Background: The scale and impact of the HIV/AIDS pandemic has made the search for simple, affordable, safe, and effective public health interventions all the more urgent. Micronutrient supplements hold the promise of meeting these criteria, but their widespread use needs to be based on sound scientific evidence of effectiveness and safety.
Objectives: To assess whether micronutrient supplements are effective in reducing morbidity and mortality in adults and children with HIV infection.
Search strategy: The Cochrane Library (CENTRAL), EMBASE, MEDLINE, AIDSearch, CINAHL, and conference proceedings were searched, and pharmaceutical manufacturers and researchers in the field were contacted to locate any ongoing or unpublished trials.
Selection criteria: Randomised controlled trials comparing the effects of micronutrient supplements (vitamins, trace elements, and combinations of these) with placebo or no treatment on mortality and morbidity in HIV-infected individuals.
Data collection and analysis: Two reviewers independently appraised trial quality and extracted data. Study authors were contacted for additional data where necessary. A meta-analysis was not deemed appropriate due to significant heterogeneity between trials.
Main results: Fifteen trials were included. Six trials comparing vitamin A/beta-carotene with placebo in adults failed to show any effects on mortality, morbidity, CD4 and CD8 counts, or on viral load. Four trials of other micronutrients in adults did not affect overall mortality, although there was a reduction in mortality in a low CD4 subgroup. In a large Tanzanian trial in pregnant and lactating women, daily multivitamin supplementation was associated with a number of benefits to both mothers and children: a reduction in maternal mortality from AIDS-related causes; a reduced risk of progression to stage four disease; fewer adverse pregnancy outcomes; less diarrhoeal morbidity; and a reduction in early-child mortality among immunologically- and nutritionally-compromised women. Vitamin A alone reduced all-cause mortality and improved growth in a small sub-group of HIV-infected children in one hospital-based trial, and reduced diarrhoea-associated morbidity in a small HIV-infected sub-group of infants in another trial.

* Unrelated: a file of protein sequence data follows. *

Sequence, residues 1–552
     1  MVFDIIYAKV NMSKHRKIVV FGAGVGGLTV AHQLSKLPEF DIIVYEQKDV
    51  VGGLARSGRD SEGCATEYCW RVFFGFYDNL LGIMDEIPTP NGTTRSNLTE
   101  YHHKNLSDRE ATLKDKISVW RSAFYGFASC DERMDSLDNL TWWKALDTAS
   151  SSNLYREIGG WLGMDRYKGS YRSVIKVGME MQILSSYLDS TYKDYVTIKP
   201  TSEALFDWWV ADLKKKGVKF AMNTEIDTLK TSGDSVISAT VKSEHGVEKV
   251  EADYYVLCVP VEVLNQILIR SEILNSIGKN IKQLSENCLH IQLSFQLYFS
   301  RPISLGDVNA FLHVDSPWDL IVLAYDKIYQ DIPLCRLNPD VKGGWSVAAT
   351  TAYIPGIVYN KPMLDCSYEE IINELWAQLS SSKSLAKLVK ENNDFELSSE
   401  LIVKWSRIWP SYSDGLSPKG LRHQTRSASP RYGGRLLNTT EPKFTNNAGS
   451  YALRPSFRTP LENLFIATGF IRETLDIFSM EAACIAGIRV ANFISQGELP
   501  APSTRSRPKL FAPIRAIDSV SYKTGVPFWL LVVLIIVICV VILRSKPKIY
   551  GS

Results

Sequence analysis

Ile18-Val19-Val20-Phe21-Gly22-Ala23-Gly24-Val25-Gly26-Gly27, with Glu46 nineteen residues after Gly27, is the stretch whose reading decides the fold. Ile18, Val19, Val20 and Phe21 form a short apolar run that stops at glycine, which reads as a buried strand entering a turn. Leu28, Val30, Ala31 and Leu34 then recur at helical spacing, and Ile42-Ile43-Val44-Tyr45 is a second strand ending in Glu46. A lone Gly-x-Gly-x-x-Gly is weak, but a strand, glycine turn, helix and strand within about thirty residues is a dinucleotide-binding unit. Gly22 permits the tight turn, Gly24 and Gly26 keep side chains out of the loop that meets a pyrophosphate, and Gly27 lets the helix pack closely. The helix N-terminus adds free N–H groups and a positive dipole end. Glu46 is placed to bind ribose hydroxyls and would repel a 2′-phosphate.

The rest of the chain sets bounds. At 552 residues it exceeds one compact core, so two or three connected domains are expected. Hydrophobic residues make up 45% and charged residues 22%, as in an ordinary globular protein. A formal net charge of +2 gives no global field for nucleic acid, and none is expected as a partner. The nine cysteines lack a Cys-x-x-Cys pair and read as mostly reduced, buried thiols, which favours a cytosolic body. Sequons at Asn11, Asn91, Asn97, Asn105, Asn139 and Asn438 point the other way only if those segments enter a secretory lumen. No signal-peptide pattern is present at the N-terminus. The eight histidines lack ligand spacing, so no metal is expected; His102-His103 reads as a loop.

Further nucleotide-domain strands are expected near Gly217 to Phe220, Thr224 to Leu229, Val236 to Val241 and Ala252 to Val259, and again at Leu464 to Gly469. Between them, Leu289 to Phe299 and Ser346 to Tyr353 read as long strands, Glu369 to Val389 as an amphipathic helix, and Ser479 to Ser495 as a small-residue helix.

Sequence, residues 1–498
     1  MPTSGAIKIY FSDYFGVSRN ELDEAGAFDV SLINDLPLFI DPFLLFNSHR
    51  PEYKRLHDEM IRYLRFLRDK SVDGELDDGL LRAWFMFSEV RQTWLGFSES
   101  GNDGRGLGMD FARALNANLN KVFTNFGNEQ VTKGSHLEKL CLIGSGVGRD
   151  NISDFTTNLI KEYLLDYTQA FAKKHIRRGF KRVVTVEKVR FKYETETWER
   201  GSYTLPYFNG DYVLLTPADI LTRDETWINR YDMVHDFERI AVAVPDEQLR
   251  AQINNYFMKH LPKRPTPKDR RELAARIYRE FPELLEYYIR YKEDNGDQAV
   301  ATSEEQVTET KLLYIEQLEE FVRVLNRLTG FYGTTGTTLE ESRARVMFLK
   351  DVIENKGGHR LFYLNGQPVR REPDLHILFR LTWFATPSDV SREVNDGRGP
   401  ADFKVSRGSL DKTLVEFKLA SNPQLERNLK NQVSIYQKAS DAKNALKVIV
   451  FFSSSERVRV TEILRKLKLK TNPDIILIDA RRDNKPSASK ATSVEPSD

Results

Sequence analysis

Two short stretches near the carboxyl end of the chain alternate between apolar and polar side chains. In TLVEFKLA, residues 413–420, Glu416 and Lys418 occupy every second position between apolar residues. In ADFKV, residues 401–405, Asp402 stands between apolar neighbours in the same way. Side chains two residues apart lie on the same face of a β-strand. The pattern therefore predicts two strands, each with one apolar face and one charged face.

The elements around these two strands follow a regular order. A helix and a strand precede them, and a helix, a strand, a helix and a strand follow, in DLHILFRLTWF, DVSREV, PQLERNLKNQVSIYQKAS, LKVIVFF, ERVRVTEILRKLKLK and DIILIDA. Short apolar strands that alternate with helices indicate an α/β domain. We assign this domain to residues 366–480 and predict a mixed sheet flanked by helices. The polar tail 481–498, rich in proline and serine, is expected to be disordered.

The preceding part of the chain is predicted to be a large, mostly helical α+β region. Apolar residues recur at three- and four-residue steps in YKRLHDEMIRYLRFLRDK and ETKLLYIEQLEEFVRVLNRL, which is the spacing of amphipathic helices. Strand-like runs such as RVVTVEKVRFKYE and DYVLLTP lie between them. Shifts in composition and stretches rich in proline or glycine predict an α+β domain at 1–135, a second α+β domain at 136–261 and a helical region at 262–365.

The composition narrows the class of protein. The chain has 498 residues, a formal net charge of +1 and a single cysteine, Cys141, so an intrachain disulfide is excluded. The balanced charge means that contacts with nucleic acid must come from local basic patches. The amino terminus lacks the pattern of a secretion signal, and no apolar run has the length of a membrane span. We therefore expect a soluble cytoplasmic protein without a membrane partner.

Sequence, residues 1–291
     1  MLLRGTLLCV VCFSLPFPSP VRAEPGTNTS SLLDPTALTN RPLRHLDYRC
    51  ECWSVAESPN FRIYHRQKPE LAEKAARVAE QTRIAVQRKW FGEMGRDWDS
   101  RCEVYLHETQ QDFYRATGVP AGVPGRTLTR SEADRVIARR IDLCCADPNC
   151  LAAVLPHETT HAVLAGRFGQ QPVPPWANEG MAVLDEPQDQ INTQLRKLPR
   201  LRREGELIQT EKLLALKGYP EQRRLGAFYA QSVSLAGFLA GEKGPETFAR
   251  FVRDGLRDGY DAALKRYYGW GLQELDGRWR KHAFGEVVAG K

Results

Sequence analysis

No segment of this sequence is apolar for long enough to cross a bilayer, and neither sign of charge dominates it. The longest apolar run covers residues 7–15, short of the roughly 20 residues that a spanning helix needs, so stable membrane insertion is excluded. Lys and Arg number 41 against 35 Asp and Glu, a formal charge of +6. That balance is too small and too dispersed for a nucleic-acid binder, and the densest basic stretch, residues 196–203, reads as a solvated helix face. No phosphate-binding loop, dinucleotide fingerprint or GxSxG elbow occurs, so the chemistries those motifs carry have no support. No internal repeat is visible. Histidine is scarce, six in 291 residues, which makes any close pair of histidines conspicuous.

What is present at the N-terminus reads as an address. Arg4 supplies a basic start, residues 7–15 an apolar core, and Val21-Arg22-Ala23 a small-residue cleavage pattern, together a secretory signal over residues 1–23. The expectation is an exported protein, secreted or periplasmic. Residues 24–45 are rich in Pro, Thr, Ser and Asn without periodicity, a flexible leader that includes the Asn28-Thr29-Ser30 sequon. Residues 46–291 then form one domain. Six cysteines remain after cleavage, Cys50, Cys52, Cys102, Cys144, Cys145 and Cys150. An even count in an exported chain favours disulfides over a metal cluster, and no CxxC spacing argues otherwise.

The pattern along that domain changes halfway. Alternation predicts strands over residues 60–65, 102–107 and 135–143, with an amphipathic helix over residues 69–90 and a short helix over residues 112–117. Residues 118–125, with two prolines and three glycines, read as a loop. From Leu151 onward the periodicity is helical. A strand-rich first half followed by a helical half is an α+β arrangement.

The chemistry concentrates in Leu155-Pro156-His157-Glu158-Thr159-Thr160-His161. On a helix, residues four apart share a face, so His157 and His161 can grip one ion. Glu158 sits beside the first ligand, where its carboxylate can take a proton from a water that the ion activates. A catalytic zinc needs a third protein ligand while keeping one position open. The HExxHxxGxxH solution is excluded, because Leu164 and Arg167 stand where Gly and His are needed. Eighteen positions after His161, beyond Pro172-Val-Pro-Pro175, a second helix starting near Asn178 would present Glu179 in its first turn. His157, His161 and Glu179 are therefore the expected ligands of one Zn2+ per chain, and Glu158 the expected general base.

Authors' conclusions: There is no conclusive evidence at present to show that micronutrient supplementation effectively reduces morbidity and mortality among HIV-infected adults. It is reasonable to support the current WHO recommendations to promote and support adequate dietary intake of micronutrients at RDA levels wherever possible. There is evidence of benefit of vitamin A supplementation in children. The long-term clinical benefits, adverse effects, and optimal formulation of micronutrient supplements require further investigation.